Warpaint booms as Millennials buy more make-up and international ops soar
Make-up specialist Warpaint London, which owns the Gen Z and Millennial-focused W7 brand, said Wednesday that it enjoyed a strong 12 months in 2016. Its e-tail ops got off to a good start, brand awareness was at a high, sales and profits surged and its global business grew fast.
The company, which specialises in trend-based products and speed-to-market, listed on London’s Alternative Investment Market only last November. This was its first results report as a listed company and it was a good one. It said proforma results, adjusted for a number of one-off factors, saw revenue up by 21.1% to £27m and the operating margin was up by over 25%. Earnings per share rose by 24.6% to 8.6p and proforma pre-tax profit was £5m.
So how did it achieve such results? International growth and prioritising digital. Chairman Clive Garston described W7 as a “now-global brand”, a label that seems to be justified give that it is currently available in Europe, Australia and the US, as well as its native UK.
Joint CEO’s Sammy Bazini and Eoin Macleod said 2016 was a transformational year for the business, seeing “strong progress” both in its domestic and international markets and the US grew from around 3% of W7 revenues to over 12%.
That’s important given that the W7 label accounts for over 80% of its business (it also has smaller brands and a close-out division). And while most of that W7 business is through high street stores and independents, the launch of its e-tail site last year was clearly a major step forward and is a “growing contributor” to its overall revenues.
Warpaint also said that its close-out business, which sells branded products mainly in the UK, “provides a useful source of knowledge of the colour cosmetics market and access to new market trends.”
NEW CONSUMERS, NEW DEVELOPMENTS
The company said W7 benefitted last year from “a more engaged and educated customer base, driven by the success of beauty blogs, celebrity endorsement and social media.” It added that it has had a number of “well received recent campaigns with high profile television celebrities that have translated into increased online ordering and brand awareness.”
Clearly, the brand is a well-run operation. But it has also benefitted from being in the right place at the right time. The global mass market for colour cosmetics is expected to be the fastest growing cosmetics market category and in mature markets such as Western Europe and the US, the firm said consumers are increasingly favouring low cost make-up.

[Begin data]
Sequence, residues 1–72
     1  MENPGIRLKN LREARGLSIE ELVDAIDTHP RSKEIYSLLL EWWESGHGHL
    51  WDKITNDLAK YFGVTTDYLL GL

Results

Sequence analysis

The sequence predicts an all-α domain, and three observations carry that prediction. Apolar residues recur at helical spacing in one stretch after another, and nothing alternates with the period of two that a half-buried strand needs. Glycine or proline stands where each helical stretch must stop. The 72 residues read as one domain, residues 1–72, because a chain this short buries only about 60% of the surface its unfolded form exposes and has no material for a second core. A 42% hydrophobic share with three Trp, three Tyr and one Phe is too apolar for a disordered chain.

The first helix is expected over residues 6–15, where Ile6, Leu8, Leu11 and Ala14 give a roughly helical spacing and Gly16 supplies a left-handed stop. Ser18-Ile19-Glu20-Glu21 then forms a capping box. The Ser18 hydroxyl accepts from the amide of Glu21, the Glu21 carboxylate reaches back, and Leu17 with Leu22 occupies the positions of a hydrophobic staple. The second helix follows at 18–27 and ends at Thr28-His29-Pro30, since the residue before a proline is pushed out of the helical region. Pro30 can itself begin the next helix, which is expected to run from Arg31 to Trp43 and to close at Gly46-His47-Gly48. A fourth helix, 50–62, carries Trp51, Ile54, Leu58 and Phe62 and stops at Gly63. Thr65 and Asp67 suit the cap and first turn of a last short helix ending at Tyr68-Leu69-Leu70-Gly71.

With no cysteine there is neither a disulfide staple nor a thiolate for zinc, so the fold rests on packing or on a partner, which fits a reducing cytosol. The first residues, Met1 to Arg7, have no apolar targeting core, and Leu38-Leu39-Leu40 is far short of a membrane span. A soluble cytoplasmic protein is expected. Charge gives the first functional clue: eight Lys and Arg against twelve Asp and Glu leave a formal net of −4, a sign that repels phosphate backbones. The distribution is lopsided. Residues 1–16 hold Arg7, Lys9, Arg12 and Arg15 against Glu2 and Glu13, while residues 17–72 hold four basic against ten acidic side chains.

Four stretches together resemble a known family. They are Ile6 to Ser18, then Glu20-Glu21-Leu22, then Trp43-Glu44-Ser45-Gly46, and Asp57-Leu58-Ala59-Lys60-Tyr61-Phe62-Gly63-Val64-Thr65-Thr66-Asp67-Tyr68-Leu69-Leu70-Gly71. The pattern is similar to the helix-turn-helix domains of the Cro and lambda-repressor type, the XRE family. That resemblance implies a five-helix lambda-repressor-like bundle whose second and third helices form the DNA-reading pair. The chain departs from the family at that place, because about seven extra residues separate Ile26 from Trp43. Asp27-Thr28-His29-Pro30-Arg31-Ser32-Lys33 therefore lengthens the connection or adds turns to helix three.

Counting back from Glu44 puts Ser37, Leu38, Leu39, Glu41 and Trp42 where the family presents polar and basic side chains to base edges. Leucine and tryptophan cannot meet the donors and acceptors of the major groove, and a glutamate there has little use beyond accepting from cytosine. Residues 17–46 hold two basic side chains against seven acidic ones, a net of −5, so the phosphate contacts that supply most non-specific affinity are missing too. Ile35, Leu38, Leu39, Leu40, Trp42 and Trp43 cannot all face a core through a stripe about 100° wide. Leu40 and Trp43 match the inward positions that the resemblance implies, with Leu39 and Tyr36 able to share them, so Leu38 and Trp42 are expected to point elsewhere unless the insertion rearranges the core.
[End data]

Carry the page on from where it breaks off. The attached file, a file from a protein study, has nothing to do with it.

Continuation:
The US is the largest colour cosmetics market globally, with a retail value in 2015 of around $11bn, nearly three times the second largest market of China, at approximately $4bn. And consumers in both markets seem to be hungry for new, on-trend brands and product innovation.
That’s also the case in the UK, which was the fourth largest retail colour cosmetics market in the world in 2015 and is forecast to grow from an estimated £1.8bn this year, to around £2.4bn in 2021.
Warpaint said that with the cosmetics industry undergoing change, as today’s consumers are increasingly connected and influenced by friends, beauty bloggers, social media and other online content, beauty firms need to react to this.
Overall, it is prioritising global growth, social media marketing and e-sales. It particularly wants to grow in those key Chinese and US markets and is driving this aim with a focus on social media and e-commerce activities. it plans to launch new US and China focused e-tail sites soon, with the ability to transact in local currencies.
And to resonate with modern consumers’ lifestyles, the company is also planning the launch this June of a new range called Very Vegan. These products have been developed specifically for vegans and others supporting an animal-friendly lifestyle and the company sees major growth potential here.
It recently also developed the Outdoor Girl range, saying sales have been encouraging. And it is working on more new brands, including a premium line called CopyCat to target large health and beauty retailers, a prestige brand called Smooch for department stores, and Taxi, a line to satisfy bespoke ad-hoc orders from the value sector.
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